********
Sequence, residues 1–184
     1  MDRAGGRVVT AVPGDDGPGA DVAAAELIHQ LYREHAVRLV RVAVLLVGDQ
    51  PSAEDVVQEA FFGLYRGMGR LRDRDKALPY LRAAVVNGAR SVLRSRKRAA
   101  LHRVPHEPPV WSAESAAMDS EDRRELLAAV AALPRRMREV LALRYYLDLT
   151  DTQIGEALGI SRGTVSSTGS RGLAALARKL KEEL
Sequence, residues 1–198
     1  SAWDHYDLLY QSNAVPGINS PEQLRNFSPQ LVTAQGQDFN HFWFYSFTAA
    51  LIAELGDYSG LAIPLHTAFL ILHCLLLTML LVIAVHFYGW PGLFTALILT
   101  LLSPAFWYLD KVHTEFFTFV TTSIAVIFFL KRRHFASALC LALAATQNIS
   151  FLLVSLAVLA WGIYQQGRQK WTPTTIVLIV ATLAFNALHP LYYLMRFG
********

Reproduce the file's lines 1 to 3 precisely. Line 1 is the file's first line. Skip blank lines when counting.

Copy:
Sequence, residues 1–184
     1  MDRAGGRVVT AVPGDDGPGA DVAAAELIHQ LYREHAVRLV RVAVLLVGDQ
    51  PSAEDVVQEA FFGLYRGMGR LRDRDKALPY LRAAVVNGAR SVLRSRKRAA